These and other objects of the present invention are set forth in the following detailed description and the attached drawings, of which:
FIG. 1 is a top plan view of a beverage funnel embodying the present invention.
FIG. 2 is a vertical sectional view of the filter of FIG. 1, taken along a line 2--2 of FIG. 1 and including a filter and granulated beverage product therewithin.
FIG. 3 is a front elevation of a beverage making machine which employs a funnel in accordance with the present invention.
FIG. 4 is a top plan view of an alternative embodiment of the funnel of the present invention.
FIG. 5 is a vertical sectional view taken along line 5--5 of FIG. 4.
FIG. 6 is a top plan view of a still further embodiment of a funnel in accordance with the present invention.
FIG. 7 is a vertical sectional view taken along line 7--7 of FIG. 6.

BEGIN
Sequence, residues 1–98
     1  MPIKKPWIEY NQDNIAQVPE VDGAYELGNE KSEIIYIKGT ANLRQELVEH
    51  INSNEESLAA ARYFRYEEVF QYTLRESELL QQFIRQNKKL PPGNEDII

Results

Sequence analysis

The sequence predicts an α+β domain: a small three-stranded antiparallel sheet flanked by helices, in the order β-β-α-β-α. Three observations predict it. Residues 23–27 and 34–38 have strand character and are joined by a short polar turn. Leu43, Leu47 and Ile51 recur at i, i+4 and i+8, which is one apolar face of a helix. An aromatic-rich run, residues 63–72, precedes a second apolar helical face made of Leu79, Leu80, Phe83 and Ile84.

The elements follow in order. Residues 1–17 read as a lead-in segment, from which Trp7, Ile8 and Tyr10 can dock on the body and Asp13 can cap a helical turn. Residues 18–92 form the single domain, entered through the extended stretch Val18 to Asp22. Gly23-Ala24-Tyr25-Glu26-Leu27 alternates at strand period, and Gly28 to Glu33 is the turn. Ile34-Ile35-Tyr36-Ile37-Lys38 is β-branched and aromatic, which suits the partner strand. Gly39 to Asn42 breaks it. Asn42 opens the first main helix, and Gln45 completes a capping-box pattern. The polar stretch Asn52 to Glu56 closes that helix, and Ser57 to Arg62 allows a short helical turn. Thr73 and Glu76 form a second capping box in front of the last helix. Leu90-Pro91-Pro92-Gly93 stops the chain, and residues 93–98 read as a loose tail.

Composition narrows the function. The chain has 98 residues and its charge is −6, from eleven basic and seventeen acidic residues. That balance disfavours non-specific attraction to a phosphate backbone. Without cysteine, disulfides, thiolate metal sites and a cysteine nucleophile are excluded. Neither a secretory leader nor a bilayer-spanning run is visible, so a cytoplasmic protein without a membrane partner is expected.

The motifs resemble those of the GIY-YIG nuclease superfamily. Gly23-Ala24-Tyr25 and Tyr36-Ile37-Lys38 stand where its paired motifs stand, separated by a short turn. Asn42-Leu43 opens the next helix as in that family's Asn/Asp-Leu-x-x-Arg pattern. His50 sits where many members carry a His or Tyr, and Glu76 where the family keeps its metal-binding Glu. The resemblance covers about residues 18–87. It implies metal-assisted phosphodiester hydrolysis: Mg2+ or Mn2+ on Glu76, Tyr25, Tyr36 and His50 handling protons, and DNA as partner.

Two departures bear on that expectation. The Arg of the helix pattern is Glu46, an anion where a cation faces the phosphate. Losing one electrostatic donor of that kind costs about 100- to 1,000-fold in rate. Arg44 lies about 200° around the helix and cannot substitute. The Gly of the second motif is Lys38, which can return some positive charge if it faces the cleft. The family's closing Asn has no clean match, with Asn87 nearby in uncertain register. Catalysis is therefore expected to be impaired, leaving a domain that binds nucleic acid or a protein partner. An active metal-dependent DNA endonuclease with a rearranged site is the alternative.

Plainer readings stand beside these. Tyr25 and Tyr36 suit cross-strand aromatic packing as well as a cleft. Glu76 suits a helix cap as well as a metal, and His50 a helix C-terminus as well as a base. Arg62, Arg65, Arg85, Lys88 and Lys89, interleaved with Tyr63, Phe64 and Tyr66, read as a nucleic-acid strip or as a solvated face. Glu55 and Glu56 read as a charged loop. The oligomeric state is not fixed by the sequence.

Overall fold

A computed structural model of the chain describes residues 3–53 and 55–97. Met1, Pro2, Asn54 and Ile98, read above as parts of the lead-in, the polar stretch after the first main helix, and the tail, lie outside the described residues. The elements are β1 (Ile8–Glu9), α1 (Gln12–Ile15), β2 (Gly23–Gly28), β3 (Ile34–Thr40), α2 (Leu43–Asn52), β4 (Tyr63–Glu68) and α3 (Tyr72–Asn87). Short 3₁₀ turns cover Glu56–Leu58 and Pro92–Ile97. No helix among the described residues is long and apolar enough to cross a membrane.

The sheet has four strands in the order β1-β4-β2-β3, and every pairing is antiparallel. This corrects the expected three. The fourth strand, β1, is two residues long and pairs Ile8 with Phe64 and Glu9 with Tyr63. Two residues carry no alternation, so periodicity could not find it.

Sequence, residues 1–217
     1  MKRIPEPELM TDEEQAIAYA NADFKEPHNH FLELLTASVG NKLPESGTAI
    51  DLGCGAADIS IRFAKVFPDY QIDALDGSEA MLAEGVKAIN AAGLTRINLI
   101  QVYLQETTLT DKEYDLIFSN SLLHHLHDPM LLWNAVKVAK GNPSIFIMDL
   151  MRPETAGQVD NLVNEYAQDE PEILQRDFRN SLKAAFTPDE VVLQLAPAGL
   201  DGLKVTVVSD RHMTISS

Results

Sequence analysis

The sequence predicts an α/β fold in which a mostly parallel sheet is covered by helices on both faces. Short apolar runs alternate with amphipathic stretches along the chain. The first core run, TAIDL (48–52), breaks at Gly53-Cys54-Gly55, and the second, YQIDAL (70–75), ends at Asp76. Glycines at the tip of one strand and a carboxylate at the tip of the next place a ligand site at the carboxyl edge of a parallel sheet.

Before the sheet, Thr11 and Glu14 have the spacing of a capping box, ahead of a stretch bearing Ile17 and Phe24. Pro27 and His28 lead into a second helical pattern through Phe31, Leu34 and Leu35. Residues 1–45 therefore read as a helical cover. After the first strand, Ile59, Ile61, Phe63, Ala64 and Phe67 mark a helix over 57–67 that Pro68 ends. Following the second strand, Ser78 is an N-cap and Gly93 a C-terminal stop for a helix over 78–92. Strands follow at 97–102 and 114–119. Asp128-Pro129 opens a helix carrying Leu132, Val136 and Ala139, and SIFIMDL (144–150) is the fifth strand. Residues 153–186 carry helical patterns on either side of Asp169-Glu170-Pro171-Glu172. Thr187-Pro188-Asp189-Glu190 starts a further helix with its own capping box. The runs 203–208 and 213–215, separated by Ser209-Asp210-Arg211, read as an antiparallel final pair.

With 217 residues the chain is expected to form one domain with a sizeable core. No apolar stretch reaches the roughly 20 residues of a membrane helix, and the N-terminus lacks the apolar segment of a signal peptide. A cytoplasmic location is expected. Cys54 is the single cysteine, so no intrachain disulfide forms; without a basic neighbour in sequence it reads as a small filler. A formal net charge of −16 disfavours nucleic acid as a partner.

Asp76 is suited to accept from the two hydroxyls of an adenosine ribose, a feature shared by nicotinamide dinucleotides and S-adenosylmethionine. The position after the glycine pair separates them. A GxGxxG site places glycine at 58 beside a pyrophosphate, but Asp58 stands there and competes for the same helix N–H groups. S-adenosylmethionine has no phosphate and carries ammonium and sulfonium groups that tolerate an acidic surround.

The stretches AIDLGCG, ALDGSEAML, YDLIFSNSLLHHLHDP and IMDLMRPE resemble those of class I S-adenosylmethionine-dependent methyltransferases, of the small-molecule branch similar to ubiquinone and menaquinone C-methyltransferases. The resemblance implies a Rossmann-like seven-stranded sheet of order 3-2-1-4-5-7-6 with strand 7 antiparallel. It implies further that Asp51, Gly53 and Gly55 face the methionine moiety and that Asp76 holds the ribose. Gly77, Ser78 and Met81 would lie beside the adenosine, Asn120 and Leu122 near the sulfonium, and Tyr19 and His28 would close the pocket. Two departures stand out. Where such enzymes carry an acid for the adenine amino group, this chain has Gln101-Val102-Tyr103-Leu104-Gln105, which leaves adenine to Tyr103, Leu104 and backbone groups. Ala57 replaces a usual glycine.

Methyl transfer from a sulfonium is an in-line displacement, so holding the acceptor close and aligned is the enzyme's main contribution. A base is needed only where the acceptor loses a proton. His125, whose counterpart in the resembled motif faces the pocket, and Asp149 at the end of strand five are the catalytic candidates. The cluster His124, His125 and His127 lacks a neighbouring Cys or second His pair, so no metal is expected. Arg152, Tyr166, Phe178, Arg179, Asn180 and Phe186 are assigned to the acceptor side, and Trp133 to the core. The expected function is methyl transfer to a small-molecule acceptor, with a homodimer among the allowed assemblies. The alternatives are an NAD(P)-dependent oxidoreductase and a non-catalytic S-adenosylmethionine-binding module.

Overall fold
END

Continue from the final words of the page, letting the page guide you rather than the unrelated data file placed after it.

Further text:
The present invention is generally embodied in a beverage making apparatus 10 for brewing beverages by passing hot water through a funnel 12 that contains a particulate product, such as coffee or tea 14 retained on or in a disposable filter 16. In accordance with the present invention, the funnel 10 has an off-center discharge port or orifice 18, which may be formed integrally with the funnel as in FIG. 2 or provided by a separate add-on spout as in FIG. 7, that permits selective discharge into either of a pair of adjacent reservoirs 20 in the brewing machine 10 by merely rotating the funnel, over the desired reservoir. To prevent spillage, a radially extending stop 22 may be provided on the funnel, preferably diametrically opposite the handle 24, for engaging and actuating a switch and/or a stop on the machine to prevent operation of the brewing machine except when the discharge port 18 is located over a reservoir 20. Sanitation is also enhanced by legs 26 which support the funnel, including the discharge port 18, above the countertop or work surface upon which it rests when the filter or grounds are being replaced.